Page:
Join Maurice Carlos Ruffin as he returns to Pass Christian to read and speak about The Ones Who Don't Say They Love You: Stories on Thursday, June 1st at 6:00 PM in the Community Room of the Pass Christian Library. It is also the kickoff event for the Summer Library Program. Pass Books will be onsite with copies of both of Maurice's books, The Ones Who Don't Say They Love You and We Cast a Shadow.
Maurice Carlos Ruffin is the author of We Cast a Shadow, which was a finalist for the PEN/Faulkner Award, the PEN/Open Book Award, and the Dayton Literary Peace Prize and longlisted for the Center for Fiction First Novel Prize and International Dublin Literary Award. A recipient of an Iowa Review Award in fiction, he has been published in the Virginia Quarterly Review, AGNI, the Kenyon Review, The Massachusetts Review, and Unfathomable City: A New Orleans Atlas. A native of New Orleans, he is a graduate of the University of New Orleans Creative Writing Workshop and a member of the Peauxdunque Writers Alliance.
NEW YORK TIMES EDITORS' CHOICE - A collection of raucous stories that offer a "vibrant and true mosaic" (The New York Times) of New Orleans, from the critically acclaimed author of We Cast a Shadow.
SHORTLISTED FOR THE ERNEST J. GAINES AWARD - LONGLISTED FOR THE STORY PRIZE - ONE OF THE BEST BOOKS OF THE YEAR--Garden & Gun, Electric Lit - "Every sentence is both something that makes you want to laugh in a gut-wrenching way and threatens to break your heart in a way that you did not anticipate."--Robert Jones, Jr., author of The Prophets, in The Wall Street Journal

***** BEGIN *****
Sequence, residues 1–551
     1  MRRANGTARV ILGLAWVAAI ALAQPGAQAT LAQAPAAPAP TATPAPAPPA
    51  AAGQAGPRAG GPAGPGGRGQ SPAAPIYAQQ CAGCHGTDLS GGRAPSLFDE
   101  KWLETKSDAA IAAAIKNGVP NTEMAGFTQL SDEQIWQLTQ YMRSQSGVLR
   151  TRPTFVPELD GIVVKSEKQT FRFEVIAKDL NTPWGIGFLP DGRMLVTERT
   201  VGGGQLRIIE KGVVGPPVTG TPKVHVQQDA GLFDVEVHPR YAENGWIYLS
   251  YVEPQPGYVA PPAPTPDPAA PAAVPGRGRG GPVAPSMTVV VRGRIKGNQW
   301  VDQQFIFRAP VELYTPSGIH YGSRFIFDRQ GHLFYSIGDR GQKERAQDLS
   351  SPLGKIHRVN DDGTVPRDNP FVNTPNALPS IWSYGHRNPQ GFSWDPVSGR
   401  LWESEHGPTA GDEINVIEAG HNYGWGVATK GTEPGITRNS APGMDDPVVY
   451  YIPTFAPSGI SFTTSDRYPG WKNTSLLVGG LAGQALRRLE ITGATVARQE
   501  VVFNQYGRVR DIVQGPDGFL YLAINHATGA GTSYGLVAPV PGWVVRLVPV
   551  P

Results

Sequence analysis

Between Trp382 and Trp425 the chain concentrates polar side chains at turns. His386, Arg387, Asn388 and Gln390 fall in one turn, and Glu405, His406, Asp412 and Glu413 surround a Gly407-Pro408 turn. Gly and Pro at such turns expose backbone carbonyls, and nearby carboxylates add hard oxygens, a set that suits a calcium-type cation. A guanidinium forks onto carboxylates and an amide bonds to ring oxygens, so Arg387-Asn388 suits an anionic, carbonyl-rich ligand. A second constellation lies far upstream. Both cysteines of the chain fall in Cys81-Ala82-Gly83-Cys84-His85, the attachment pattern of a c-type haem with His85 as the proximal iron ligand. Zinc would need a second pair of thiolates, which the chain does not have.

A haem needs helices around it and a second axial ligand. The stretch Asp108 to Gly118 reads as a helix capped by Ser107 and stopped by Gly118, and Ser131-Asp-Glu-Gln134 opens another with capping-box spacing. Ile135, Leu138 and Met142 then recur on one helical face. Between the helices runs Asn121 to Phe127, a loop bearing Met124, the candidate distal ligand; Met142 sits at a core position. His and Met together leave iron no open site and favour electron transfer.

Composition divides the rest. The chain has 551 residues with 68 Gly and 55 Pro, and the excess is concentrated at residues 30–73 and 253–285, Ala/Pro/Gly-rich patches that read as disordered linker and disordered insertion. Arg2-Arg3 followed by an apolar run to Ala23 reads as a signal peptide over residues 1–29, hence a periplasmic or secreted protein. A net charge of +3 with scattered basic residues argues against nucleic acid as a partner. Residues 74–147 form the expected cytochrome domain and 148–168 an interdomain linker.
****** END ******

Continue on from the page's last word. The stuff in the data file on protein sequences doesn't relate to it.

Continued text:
Maurice Carlos Ruffin has an uncanny ability to reveal the hidden corners of a place we thought we knew. These perspectival, character-driven stories center on the margins and are deeply rooted in New Orleanian culture.
In "Beg Borrow Steal," a boy relishes time spent helping his father find work after coming home from prison; in "Ghetto University," a couple struggling financially turns to crime after hitting rock bottom; in "Before I Let Go," a woman who's been in NOLA for generations fights to keep her home; in "Fast Hands, Fast Feet," an army vet and a runaway teen find companionship while sleeping under a bridge; in "Mercury Forges," a flash fiction piece among several in the collection, a group of men hurriedly make their way to an elderly gentleman's home, trying to reach him before the water from Hurricane Katrina does; and in the title story, a young man works the street corners of the French Quarter, trying to achieve a freedom not meant for him.
These stories are intimate invitations to hear, witness, and imagine lives at once regional but largely universal, and undeniably New Orleanian, written by a lifelong resident of New Orleans and one of our finest new writers.